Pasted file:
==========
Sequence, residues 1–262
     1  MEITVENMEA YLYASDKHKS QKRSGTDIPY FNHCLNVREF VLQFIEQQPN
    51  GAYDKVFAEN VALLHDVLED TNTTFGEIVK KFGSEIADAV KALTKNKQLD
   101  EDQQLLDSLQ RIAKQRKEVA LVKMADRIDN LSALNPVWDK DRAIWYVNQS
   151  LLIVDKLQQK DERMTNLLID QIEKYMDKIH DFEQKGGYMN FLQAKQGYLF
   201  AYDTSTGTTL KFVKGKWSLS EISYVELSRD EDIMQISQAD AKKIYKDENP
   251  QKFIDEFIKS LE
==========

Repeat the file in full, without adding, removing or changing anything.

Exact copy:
Sequence, residues 1–262
     1  MEITVENMEA YLYASDKHKS QKRSGTDIPY FNHCLNVREF VLQFIEQQPN
    51  GAYDKVFAEN VALLHDVLED TNTTFGEIVK KFGSEIADAV KALTKNKQLD
   101  EDQQLLDSLQ RIAKQRKEVA LVKMADRIDN LSALNPVWDK DRAIWYVNQS
   151  LLIVDKLQQK DERMTNLLID QIEKYMDKIH DFEQKGGYMN FLQAKQGYLF
   201  AYDTSTGTTL KFVKGKWSLS EISYVELSRD EDIMQISQAD AKKIYKDENP
   251  QKFIDEFIKS LE